10. Aug 16, 2010 #9

    CRGreathouse

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    I love the idea of the HDI. I think it would be hard to do a worse job in creating such an index, though, unless one was trying to do poorly. What a lost opportunity.
     
  11. Aug 16, 2010 #10

    russ_watters

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    We've been over this before: your beliefs about how capitalist countries work are unconnected with reality. You need to read about and learn how they actually work.
     
  12. Aug 16, 2010 #11

    fluidistic

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    I don't understand English enough to realize whether you imply that it's a bad or good index. I think it's still better than the unemployment rate. If you look at Argentina's unemployment rate (around 9% I think), you'd think that the country is doing as well as France. Wrong, around 40% of workers work in the black market. The HDI would be a better index, though it doesn't work well for a few countries like Argentina and Chile.
     
  13. Aug 16, 2010 #12
    About "bad indices", to my mind it is rather much worse than "a compound index is better than a single one". Any index, be it compound, is necessarily partial and thus will be criticized.

    For instance, you could read people on this board claiming that when socialist party took over in France, unemployment raised. In fact, one could answer simply by reminding of the best method from right wing politics in France : they often cut down the unemployment rate by just stripping people from the unemployment benefit.
     
  14. Aug 16, 2010 #13
    I don't know how countries like that make improvements and how one can determine the likelihood of a country would overcome its barres other than that it would get a powerful leader or get invaded be foreign power. Some like BRIC have made significant improvements during last decades. *(I will try to look for some information when I reach home).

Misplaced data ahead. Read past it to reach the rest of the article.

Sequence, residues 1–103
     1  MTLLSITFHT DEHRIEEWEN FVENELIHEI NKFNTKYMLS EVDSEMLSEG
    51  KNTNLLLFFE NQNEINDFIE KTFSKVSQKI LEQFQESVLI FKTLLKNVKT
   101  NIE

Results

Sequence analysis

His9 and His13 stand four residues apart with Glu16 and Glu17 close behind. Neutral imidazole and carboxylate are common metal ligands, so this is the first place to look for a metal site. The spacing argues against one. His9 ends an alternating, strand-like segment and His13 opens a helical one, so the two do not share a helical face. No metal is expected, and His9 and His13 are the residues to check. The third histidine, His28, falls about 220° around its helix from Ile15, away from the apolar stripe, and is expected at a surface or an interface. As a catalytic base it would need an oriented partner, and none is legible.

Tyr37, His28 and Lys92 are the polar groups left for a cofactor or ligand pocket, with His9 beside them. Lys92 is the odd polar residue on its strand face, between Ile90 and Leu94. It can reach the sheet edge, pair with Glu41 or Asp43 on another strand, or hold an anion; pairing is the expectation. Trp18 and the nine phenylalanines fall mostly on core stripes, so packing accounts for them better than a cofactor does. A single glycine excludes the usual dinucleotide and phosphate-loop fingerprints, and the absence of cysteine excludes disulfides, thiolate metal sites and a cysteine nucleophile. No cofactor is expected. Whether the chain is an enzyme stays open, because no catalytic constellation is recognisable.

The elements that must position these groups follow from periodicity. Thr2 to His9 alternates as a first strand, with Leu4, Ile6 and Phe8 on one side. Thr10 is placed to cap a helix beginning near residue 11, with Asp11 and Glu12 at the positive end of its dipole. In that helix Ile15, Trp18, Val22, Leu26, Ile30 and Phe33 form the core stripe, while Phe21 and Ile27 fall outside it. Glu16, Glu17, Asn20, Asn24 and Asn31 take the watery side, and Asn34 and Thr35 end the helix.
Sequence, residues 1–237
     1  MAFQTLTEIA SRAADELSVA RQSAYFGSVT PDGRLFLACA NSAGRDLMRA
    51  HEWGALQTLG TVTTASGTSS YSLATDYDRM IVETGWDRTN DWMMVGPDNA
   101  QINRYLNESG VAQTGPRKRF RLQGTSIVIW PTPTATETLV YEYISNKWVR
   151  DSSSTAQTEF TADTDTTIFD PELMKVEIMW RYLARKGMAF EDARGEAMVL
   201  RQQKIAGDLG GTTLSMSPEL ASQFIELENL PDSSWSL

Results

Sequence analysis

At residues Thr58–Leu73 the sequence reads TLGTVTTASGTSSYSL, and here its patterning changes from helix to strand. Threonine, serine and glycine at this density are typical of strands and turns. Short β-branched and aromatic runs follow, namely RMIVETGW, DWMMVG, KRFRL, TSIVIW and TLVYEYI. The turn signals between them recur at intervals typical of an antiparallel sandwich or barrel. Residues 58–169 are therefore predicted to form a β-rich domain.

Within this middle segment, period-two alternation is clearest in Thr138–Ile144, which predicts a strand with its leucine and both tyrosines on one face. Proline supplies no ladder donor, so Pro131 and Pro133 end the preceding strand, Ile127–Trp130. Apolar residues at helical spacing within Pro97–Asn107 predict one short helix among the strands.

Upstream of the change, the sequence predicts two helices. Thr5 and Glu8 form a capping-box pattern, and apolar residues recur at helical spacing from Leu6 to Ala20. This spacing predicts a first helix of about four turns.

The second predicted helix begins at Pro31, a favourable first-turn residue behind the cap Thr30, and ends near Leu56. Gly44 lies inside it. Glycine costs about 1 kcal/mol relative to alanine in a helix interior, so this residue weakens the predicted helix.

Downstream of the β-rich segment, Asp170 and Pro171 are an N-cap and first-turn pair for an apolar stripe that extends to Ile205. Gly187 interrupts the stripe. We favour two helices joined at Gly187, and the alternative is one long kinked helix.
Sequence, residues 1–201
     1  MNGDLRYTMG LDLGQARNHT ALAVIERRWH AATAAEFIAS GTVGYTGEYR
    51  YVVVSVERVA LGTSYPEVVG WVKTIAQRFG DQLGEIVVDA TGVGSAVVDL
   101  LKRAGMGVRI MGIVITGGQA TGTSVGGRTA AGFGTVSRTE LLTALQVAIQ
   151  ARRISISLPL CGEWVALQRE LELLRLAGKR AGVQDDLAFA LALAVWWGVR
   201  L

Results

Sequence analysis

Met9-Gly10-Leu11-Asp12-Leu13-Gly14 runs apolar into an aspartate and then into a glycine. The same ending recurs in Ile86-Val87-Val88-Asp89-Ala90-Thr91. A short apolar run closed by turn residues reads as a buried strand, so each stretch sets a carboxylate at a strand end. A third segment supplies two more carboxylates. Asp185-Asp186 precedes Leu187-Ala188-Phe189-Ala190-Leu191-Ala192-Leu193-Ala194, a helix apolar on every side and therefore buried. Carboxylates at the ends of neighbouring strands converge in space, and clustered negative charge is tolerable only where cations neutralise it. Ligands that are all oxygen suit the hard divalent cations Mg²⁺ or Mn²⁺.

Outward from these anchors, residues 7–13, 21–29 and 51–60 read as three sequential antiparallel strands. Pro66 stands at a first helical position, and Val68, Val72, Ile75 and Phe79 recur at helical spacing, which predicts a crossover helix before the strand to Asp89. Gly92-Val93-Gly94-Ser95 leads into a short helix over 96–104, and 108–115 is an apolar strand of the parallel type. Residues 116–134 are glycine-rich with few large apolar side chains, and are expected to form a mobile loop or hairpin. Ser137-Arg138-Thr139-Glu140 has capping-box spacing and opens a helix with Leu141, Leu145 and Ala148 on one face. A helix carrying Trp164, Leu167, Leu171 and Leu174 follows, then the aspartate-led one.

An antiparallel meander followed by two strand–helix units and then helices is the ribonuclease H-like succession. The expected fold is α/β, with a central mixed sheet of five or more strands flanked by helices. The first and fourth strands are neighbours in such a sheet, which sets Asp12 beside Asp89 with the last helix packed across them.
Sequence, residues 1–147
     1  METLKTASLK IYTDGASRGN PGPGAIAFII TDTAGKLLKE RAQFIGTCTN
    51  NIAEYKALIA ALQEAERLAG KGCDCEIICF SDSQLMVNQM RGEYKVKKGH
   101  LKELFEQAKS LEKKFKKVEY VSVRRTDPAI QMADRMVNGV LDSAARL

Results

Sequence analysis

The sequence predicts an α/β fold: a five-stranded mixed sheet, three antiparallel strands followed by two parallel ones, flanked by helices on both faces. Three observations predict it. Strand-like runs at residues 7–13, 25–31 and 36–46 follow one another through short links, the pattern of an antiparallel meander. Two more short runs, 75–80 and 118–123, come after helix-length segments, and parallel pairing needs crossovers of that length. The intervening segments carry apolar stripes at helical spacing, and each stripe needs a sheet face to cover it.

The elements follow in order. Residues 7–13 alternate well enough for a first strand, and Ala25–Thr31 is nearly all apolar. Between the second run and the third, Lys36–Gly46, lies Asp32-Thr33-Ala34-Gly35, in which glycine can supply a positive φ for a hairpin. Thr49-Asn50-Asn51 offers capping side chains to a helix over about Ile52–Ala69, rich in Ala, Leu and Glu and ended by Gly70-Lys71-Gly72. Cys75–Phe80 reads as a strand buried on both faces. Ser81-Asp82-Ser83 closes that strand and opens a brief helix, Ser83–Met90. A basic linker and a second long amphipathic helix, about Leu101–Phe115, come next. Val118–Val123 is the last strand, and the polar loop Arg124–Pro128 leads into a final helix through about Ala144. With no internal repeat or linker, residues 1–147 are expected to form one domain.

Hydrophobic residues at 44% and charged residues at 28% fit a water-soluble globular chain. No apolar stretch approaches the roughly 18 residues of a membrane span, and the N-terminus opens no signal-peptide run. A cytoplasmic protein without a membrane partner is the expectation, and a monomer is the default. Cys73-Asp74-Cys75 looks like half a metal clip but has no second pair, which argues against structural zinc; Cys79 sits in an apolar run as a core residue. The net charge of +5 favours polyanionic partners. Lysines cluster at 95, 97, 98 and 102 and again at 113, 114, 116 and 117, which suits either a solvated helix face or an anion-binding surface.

15. Aug 16, 2010 #14

    fluidistic

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    You're right.
    Here is a list of the index of corruption in countries:http://www.transparency.org/policy_research/surveys_indices/cpi/2009/cpi_2009_table.
    El Salvador appears to be 84/180 which isn't good but could be worse. As I said in post #3, corruption should be taken very seriously. My solution would be to change the president and ministers so that the new ones make the laws to be respected by uncorrupting the police. If the police is used not to respect the laws, then it's very hard to make any progress. This is what happens here in Argentina (though the country is corrupted at all levels. So much that it's badly affecting people's quality of life) and I guess also in El Salvador.
     
  16. Aug 16, 2010 #15
    Thanks for the posts.

    Some information:

    -El Salvador is Ranked in place 32 in economic freedom. Place of information: http://www.heritage.org/Index/Country/ElSalvador

    --El Salvador is not a socialist country, the last 20 years a right wing neoliberalist party was in power(Wich i am goin to join)

    Note: Last time my thread was closed becouse of not saying were the information came from.

    -Chile is ranked 10 in economic freedom. Info: http://www.heritage.org/Index/Country/Chile .

    --Chile is the best country in Latin America, good economy and good HDI.

    Maybe we have to make 1st in economic freedom, and fight corruption as many of you have say.
     
  17. Aug 16, 2010 #16
    Give some ligth please =)
     
  18. Aug 16, 2010 #17

    CRGreathouse

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    I was saying that it was a bad index. Badly-designed, I mean.

    Agreed. But the unemployment rate doesn't bill itself as a general development index like the HDI.

    If you have a sledgehammer and a claw hammer, and the claw hammer is marketed as a screwdriver, then I'd say that the claw hammer is a bad screwdriver, even if it's a better screwdriver than the sledgehammer.
     
  19. Aug 16, 2010 #18

    CRGreathouse

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    Aside: Is that how the unemployment rate is calculated in France/the EU? Really? I thought economic technology was more advanced than that...
     
  20. Aug 17, 2010 #19
    In my understanding it is the same measurement in the US. The difference with employment-to-population ratio is known, and monitored. It is all available
    http://www.bls.gov/webapps/legacy/cpsatab1.htm
     
    Last edited by a moderator: Apr 25, 2017
  21. Aug 17, 2010 #20

    Pythagorean

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    Depends on how you define "free". If I have an electric car and I only plug it in at my workplace, then transportation is free for me : )